I ordered this book based on the previous reviews about 2 weeks before my forever-loved best furry friend passed. I could see his health declining and I could also see how it was affecting the kids (ages 2 1/2 and 4 1/2 at the time). I didn't know how stable I was going to be able to be to answer their questions in a way that they could understand when he did eventually pass. This book helped a lot with that. I couldn't get through it the first time reading it to them without tears, but that was ok. It allowed them to see that I was sad, too. Almost a year later, my kids still ask to read this book and continue to ask more questions about Lance and about death. We got a few other books too, but this one was the best understood by them and it also happened to be the closest story to what we were experiencing. I do still have a hard time reading it out loud, but I can at least get through it now without crying. You should definitely buy it if you have young children.
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5 of 5 people found the following review helpful By M. N. Olson on August 9, 2008
Format: Hardcover
I came across this book at our local library. I honestly just picked it off the shelf because "Lulu" looks a lot like our dog, and thought it would be a cute story about maybe losing a pet and finding it again. From the moment I began to read it, I realized what the story was really going to be about... And yes my 5 yr. old and I cried, and my 8 yr. old put on a brave face, but was very moved by the story. This brought up many questions concerning our own dogs life and when his possible death would be. It also has made my 5 yr. old more loving and gentle with our dog. It's a beautiful but very honest story. One that I imagine plays out in many households everyday.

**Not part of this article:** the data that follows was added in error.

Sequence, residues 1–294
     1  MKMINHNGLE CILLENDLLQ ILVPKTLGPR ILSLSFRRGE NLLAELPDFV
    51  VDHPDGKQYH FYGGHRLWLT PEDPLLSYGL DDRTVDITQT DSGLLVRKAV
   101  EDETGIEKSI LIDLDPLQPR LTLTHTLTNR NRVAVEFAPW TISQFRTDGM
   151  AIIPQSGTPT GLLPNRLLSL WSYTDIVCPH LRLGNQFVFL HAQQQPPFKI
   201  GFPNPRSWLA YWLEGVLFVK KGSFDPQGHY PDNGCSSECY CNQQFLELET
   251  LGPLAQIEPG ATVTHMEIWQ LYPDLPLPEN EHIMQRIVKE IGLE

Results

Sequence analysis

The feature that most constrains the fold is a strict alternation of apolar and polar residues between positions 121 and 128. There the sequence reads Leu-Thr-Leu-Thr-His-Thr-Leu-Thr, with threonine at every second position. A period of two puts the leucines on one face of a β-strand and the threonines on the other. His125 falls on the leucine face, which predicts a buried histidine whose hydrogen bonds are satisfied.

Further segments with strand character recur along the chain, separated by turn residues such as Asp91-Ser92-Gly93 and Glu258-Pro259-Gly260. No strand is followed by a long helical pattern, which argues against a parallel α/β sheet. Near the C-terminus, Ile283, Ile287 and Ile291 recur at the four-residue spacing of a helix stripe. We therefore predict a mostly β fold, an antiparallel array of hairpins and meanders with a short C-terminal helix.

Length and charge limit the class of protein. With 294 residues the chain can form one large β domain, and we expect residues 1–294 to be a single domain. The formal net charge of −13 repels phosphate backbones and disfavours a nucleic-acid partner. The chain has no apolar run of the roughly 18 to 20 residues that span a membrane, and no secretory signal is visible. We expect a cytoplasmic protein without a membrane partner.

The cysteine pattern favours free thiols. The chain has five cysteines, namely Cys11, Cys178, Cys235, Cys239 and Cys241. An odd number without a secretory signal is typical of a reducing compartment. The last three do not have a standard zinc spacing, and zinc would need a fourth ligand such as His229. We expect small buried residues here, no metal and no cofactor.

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7 of 8 people found the following review helpful By Jeffrey T. Munson on June 12, 2007
Format: Hardcover
In this heart-felt book, a young girl must learn to deal with the impending death of her beloved dog, Lu Lu. Told in first-person style, the little girl and her loyal dog have been friends for many years. Lu Lu wags her tail when the girl comes home from school, and they spend hours playing together. However, the little girl has noticed that Lu Lu is unable to do many of the things she used to. She's getting old, and she's lost her sight and hearing.